Necci are kind of crepes made with chestnut flour typical of northern Tuscany. We love it for its tastiness and simplicity. It is crazy how starting from a couple of simple ingredients you can make such a lovely dessert. Follow this super easy recipe to make your own chestnut flour crepes at home.
Necci: a dish of the Tuscan Cucina Povera
Chestnut’s Necci are an example of the Tuscan Cucina Povera, the cuisine from those hard times of the past when families survived with very little money and little food. Chestnuts were widespread in the woods in the mountainous areas of Tuscany. Women of the family used to prepare many dishes with chestnuts or chestnut flour. They were cheap and full of energetic and nutritious properties.
The Original way to make Necci
Traditionally, locals cook the Chestnut Neccio in the Testi, two iron plates with a long handle. First, they heat both plates on the fire and slightly greased them. Once warmed, they pour the chestnut mixture on one of the two hot plates, while the other is placed above. So they could cook the Neccio on both sides. Here a video where you can see an example of how people prepared Chestnut Necci in the past.
Only a few people today have Testi at home. So you can easily make your own Necci using a normal skillet. The recipe is super easy and quick.
How to eat Chestnut Flour Crepes
You can eat plain Necci, but they become mouthwatering with a filling like ricotta cheese. Gluttons fill these Chestnut Flour Crepes filled with Nutella instead of ricotta. If you are a super glutton you can use both. Another tasty variant is with honey and sheep ricotta cheese.
If you travel around Tuscany in autumn or winter you can easily find Necci as dessert at the restaurant or as street food during the Sagre, the traditional Italian festivals dedicated to a local dish or ingredient.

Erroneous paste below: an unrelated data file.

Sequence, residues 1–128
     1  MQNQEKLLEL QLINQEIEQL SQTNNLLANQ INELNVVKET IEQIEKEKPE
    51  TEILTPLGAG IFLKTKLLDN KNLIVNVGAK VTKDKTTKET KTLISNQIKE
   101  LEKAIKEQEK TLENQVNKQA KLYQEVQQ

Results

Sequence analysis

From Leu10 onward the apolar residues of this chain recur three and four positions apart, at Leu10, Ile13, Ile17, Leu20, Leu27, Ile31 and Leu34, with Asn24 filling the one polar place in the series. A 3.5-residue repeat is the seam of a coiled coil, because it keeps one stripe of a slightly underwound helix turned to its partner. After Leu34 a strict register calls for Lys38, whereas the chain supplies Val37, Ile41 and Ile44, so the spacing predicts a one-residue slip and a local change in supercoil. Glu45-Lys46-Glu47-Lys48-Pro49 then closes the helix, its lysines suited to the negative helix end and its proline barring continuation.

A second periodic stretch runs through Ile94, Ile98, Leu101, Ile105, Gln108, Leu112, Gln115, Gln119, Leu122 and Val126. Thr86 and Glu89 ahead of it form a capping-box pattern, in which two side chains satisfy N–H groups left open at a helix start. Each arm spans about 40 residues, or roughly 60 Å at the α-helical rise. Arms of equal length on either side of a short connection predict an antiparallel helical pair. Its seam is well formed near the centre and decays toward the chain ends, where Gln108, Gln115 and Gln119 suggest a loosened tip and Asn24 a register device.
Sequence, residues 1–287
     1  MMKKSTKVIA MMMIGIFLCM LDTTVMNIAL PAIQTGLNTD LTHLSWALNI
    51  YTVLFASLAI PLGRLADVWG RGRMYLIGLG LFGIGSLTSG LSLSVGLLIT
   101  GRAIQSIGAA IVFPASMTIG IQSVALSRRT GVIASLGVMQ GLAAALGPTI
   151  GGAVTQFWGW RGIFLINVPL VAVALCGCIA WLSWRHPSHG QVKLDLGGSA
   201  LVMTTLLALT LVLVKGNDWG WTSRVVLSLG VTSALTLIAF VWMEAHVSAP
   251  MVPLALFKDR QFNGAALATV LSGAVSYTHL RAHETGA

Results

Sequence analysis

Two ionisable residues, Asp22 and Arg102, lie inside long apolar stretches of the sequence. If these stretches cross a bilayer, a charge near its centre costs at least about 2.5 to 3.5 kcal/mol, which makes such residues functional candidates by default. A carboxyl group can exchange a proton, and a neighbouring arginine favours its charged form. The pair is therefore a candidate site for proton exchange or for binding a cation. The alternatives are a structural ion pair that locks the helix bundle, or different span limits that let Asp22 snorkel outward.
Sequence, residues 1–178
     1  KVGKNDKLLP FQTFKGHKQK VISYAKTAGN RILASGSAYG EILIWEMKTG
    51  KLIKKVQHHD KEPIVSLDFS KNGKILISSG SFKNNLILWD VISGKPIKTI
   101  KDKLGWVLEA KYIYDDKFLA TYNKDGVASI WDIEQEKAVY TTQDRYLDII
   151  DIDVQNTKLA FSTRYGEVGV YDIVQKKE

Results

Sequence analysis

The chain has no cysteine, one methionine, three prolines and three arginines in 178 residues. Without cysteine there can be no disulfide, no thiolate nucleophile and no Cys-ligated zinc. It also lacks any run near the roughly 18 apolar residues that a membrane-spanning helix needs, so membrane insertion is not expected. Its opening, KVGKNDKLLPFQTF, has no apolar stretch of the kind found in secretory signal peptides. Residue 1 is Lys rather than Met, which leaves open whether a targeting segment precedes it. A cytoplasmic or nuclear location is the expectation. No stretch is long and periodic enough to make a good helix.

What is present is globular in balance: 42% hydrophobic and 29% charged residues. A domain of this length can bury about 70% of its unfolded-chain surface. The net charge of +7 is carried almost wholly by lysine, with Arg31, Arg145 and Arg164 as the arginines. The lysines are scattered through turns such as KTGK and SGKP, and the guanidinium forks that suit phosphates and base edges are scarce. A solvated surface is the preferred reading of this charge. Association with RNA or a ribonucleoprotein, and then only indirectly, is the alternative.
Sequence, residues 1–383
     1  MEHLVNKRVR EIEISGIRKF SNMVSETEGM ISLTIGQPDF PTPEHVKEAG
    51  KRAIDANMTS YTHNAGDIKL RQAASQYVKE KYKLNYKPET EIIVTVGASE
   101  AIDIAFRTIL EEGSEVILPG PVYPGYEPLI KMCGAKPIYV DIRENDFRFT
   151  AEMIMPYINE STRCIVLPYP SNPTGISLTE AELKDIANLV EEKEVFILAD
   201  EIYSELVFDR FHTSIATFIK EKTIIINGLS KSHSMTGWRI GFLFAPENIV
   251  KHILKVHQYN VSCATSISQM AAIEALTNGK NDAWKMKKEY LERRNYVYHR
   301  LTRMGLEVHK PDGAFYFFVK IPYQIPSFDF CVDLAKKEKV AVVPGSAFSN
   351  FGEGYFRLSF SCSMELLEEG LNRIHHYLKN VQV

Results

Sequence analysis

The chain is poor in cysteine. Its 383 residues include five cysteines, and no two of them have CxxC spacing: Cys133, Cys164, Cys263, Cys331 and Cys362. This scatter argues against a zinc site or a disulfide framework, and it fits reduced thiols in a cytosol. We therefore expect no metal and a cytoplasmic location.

My family Traditions
In my family, we prepared Necci during Christmas time, especially for Befana’s Eve on the fifth of January. But it was also a tradition to prepare them on December 13, to celebrate Saint Lucy. Just like Santa Claus or the Befana, tales say that she brought gifts to the good kids.
The member in charge to prepare Necci was my grandfather Almo, father of my father. He was silently cooking the Chestnut flour crepes while I and my cousins were all around him. All together we stared at him cooking, having fun looking at his aquiline nose, and making jokes about that.
Chestnut flour crepes are so delicious that even the popular Martha Stewart published a recipe for the Necci on her blog. Without lessen her, or chef Mario Batali that gave her the recipe, the recipe without eggs is the original one.
If you love chestnuts, there is another cake of the Tuscan tradition you definitely have to prepare: the Castagnaccio.
But first, follow the recipe below to make your homemade Necci, the delicious Chestnut flour crepes from Tuscany.
Necci, the Chestnut Flour Crepes of Tuscany
- 1 cup all purpose flour
- 1 cup chestnut flour
- 1 tbs extra virgin olive oil
- 1 tbsp sea salt
- 1 cup Warm water
- butter to grease the fry pan
- ricotta cheese fresh sheep’s or cow’s milk
- Put the two different flours in a bowl and add the extra virgin olive oil and the sea salt to the center. Then start mixing by slowly adding water without stopping. Continue to mix, adding water, until a homogeneous and fluid mixture is obtained.
- Heat a small non-stick pan. As soon as it is hot, pass over the butter in a fork to lightly grease the pan. Spoon two to three tablespoons of batter into the pan and cook about a minute on high heat.
- When the lower part of the Neccio is cooked (a small lightly crumbled crust must be formed), flip carefully and cook the other part for another minute.
- Put Necci on a plate and spread them with ricotta cheese for the original version. You can also add honey, or Nutella. Or spread justwith Nutella. As you wish.
- Roll it up and serve Necci still warm.